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It has been five days since a dysfunctional friendship of nine years ended. I won’t go into the details because why it ended really doesn’t matter. What matters is that a relationship I nurtured for almost a decade is over, and the real reason it ended was because it was dysfunctional.

I have no question that the relationship was long overdue for ending. I should have ended it a while ago, but I didn’t because when I love, I love deeply. I am also a loyal friend, so I have a habit of sticking with relationships long past when they should have expired. The relationship was once very meaningful and helpful to me, especially in my early therapy years. I don’t forget that and feel guilty about pulling away when the relationship no longer fits.

I have been grieving the loss, and I have had a bunch of different emotions swirling around my head. The primary emotion is anger because of the pointless way it ended. The other person tossed me away as if I never mattered, and that makes me angry – after all I invested in this person, it pisses me off that the other person so easily brushed me aside in one fit of anger. I am also angry about the other person’s alleged reasons for treating me this way. I accept that I need to let the anger run through me and out so it doesn’t turn into bitterness.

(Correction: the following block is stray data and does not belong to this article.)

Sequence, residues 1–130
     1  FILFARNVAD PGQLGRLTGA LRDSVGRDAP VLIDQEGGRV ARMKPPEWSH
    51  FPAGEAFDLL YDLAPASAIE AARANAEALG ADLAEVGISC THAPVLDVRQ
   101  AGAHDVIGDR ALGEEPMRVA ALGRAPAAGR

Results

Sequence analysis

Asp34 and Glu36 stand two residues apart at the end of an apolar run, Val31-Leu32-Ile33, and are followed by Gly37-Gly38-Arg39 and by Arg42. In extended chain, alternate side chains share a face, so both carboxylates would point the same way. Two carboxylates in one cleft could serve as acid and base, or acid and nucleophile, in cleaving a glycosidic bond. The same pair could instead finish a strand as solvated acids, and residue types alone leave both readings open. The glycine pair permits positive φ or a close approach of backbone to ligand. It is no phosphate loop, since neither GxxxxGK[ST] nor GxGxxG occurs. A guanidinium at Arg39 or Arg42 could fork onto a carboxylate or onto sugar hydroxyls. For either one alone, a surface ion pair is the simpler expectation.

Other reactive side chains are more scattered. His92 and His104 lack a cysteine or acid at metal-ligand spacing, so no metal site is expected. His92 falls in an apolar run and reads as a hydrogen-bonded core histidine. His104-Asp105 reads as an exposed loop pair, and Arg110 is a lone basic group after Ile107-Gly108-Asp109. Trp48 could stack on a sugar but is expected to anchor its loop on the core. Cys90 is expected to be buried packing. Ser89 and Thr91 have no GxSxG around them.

I am also sad and have done some crying over the death of this friendship. The sadness has been secondary to the anger, but I suspect as the anger abates, more sadness will follow.

The weirdest part is the absence of the friendship. I’ll watch something on TV and think, “I need to tell __ about ___ … No, wait, she isn’t in my life anymore.” She was such an integral part of my life for so long that it feels weird not having her to talk to about X, Y, and Z. I am not talking about leaning on her emotionally. I am talking about the fact that a TV show we both like will have new episodes airing next month or something funny that happened today. It’s just weird to notice the absence as I go about my day.

My therapist has warned me that I might have regrets about how long I chose to stay in the friendship, but I don’t know if I will. I made the decisions I did for the reasons I did, and those decisions led me to where I am today. I feel no need to beat myself up for things I did or did not do before today.

I also feel no guilt about the friendship ending. She blew it up, not me, and she blew it up over something so ridiculous that I think it was an excuse to get out. I don’t think this dysfunctional friendship was healthy for either of us any longer. I wish we could have parted amicably and downgraded to acquaintances, but it is what it is.